second pass: |------------|==========================|
c n-c
third pass: |=========================|-------------|
```

Imagine that we are doing a proof by induction (on *n*) that our algorithm correctly sorts any *n*-element array. The base case of the proof works: the algorithm has a special branch that makes it correct for *n* ≤ 2. Now let’s try proving the inductive step.

After the third pass we want to have a sorted array. According to the induction hypothesis, the third pass correctly sorts the first *c* elements. The output will be correct if and only if the last *n* − *c* elements were already the correct ones, and in their proper places. Let’s call these elements *the large elements*.

The second pass sorts the last *b* elements. This pass will put the large elements into their proper places if and only if all of them are among the last *b* elements of the array at the beginning of the second pass.

At the beginning some, possibly even all, large elements may be among the first *a* elements of the array. By sorting the first *a* elements we bring those large elements to the last few positions of the sorted part. All of them must belong to the part that will be sorted in the second pass. This means that the overlap between the first and the second pass must be at least as large as the total number of large elements.

(A more precise proof of the previous step would first show that *a* must be strictly greater than the number of large elements. Do you see why we should do that?)

And that’s it. The entire proof will work, as long as that last condition is satisfied. How does the condition look like in symbols? The length of the overlap between the first two passes is *a* + *b* − *n*. This must be at least as large as the number of large elements, which is *n* − *c*. In other words, we must have *a* + *b* + *c* ≥ 2*n*.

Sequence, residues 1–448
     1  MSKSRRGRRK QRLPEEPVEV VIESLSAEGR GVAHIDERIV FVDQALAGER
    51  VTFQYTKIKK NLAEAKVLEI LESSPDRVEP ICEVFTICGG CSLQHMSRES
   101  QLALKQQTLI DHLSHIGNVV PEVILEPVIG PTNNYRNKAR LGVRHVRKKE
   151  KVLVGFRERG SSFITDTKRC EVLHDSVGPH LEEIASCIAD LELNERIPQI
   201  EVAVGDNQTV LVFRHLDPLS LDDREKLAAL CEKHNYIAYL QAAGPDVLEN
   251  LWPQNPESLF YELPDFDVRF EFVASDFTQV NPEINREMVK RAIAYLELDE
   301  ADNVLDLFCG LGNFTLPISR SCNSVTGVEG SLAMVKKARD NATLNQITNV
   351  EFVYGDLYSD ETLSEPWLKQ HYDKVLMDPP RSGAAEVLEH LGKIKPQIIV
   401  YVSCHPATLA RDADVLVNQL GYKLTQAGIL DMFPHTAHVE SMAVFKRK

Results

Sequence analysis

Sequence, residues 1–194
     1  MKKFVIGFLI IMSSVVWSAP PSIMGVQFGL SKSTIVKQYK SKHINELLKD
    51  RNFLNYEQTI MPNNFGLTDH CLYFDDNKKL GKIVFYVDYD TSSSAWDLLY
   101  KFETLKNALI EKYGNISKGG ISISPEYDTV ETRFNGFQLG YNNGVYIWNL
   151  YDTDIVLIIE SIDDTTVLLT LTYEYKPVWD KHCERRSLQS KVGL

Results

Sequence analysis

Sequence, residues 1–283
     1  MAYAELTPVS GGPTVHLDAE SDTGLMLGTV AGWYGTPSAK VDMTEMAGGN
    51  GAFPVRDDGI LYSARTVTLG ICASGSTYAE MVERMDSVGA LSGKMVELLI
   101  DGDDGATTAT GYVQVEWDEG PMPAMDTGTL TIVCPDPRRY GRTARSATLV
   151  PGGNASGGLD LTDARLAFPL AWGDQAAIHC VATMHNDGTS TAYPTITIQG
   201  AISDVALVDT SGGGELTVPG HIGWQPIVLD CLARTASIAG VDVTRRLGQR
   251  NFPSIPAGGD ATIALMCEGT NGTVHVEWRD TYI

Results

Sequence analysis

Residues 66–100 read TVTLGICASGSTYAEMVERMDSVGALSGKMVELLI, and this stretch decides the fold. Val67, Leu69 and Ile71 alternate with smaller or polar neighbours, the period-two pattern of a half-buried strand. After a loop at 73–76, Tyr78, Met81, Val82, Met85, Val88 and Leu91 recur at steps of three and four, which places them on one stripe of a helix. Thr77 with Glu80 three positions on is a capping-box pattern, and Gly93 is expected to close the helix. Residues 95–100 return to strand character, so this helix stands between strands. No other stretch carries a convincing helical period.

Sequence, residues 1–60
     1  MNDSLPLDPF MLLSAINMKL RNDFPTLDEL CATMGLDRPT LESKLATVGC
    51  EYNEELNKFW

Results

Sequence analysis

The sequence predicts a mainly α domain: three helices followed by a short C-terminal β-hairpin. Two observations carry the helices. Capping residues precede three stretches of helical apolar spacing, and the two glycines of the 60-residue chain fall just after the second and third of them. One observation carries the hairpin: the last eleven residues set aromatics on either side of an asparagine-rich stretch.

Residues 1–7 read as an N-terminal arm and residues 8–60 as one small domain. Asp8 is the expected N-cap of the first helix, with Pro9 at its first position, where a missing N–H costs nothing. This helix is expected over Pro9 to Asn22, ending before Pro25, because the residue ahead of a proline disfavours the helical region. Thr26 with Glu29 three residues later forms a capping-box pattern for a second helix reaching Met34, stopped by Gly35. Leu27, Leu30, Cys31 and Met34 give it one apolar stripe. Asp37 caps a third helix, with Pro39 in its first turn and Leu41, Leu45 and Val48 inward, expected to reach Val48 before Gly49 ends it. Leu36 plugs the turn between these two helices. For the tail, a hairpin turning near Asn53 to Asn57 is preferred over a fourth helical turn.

And that’s all there is to this problem. As long as we have *a* + *b* + *c* ≥ 2*n*, the routine sorts properly. And for the smallest *n* such that *a* + *b* + *c* < 2*n*, it is clearly enough to take a reversed array as a counterexample, because this array puts as many large elements as possible into the first *a* positions of the array.

**Appendix**

Did you wonder why is there a modulo operator in the definition of `f3`

? The main purpose of this operator was to make life more difficult for solvers who would somehow try to binary search for the optimal counterexample. This tweak with `%97`

is there to make sure that the property we examine *is not* monotonous: after the correct counterexample there are still some larger input sizes that *are* sorted properly.

Oh, and the optimal counterexample modulo 97 gives remainder 95, not 96 as you might guess. Yes, we are evil :)

The program for this subproblem does two things. First, it generates an awful lot of swaps. This may seem scary, but the composition of all those swaps is simply some permutation of the input. Note that this permutation is the same for all arrays of the same length.